How does a computer work? How does a car run? How does water get into our
house? How does stuff flow to the bay from the storm drain?
You have kids. Kids have questions. There is no separating the two. Kids
curious about the world.
Some parents are lucky: they have a good grip on the
way things work, and they
are able to explain these workings to children. From
the motor of a refrigerator
to the inner gears of a clock, you can satisfy your
childís need to have answers.
But not all parents can do this.
Itís humbling, but it needs to be done occasionally: you have to tell your
child that you do not know
the answer to her questions. What you do in these
situations can be formative
in her education.
A ďletís find outĒ attitude on the part of a parent teaches a variety of
lessons to your child. First
of all, your child learns that there are places to look for
answers to questions: the
library, the Internet, the Tech Museum, or another
person who has a greater
knowledge base than you.
Secondly, she begins to understand the different means necessary for
getting the answers. More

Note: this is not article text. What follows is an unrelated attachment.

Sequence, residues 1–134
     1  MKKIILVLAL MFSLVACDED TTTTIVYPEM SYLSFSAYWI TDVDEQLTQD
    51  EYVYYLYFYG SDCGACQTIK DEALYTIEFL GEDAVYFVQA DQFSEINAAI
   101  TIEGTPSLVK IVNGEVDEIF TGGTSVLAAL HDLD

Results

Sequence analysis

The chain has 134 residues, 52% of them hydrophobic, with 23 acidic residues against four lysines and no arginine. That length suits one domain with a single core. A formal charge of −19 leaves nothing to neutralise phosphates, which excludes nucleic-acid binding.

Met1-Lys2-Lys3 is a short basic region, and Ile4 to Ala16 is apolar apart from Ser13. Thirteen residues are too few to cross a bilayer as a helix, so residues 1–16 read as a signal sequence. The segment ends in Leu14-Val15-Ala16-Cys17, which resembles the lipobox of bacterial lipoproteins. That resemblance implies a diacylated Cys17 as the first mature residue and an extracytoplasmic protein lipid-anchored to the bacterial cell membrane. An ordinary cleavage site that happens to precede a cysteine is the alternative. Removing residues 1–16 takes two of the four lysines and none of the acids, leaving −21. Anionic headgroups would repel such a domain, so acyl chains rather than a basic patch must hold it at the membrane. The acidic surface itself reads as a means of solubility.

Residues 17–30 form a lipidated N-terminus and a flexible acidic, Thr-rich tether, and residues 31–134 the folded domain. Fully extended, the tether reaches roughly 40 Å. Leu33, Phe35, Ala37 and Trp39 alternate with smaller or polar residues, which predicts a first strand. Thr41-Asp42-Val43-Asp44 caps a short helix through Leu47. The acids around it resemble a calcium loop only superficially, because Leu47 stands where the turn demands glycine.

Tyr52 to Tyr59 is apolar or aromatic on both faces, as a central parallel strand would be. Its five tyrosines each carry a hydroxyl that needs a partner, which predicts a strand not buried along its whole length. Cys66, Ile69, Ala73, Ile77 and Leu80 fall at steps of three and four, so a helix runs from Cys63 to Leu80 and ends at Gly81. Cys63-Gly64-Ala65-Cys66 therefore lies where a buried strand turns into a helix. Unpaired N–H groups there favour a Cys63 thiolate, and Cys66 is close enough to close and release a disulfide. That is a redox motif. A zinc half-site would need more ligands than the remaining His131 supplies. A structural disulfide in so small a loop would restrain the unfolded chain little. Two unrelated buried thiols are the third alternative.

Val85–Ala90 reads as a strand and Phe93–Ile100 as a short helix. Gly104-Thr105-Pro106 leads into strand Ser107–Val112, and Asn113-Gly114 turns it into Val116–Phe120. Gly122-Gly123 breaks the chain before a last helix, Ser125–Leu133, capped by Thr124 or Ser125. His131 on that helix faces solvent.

and more, the computer is coming into play, whether
people use the Internet
or search the now-computerized card catalog at the
library. Each medium works
differently and needs a different skill set for finding
Thirdly, children get an understanding that adults are not omnipotent.
And, hey, if adults donít
know everything, itís okay that they, children, donít
have to know everything,
Learning does not end at the completion of the formal education
process. This attitude puts
children in a good position to see learning as a lifelong
activity. Children learn
this when they see adults help them to find answers to
Maybe thatís why college graduation is usually called commencement.
Think of it as the beginning
- not the end - of learning.
This column has been incorporated and expanded in Teach Your Children
Well: A Teacherís Advice for Parents.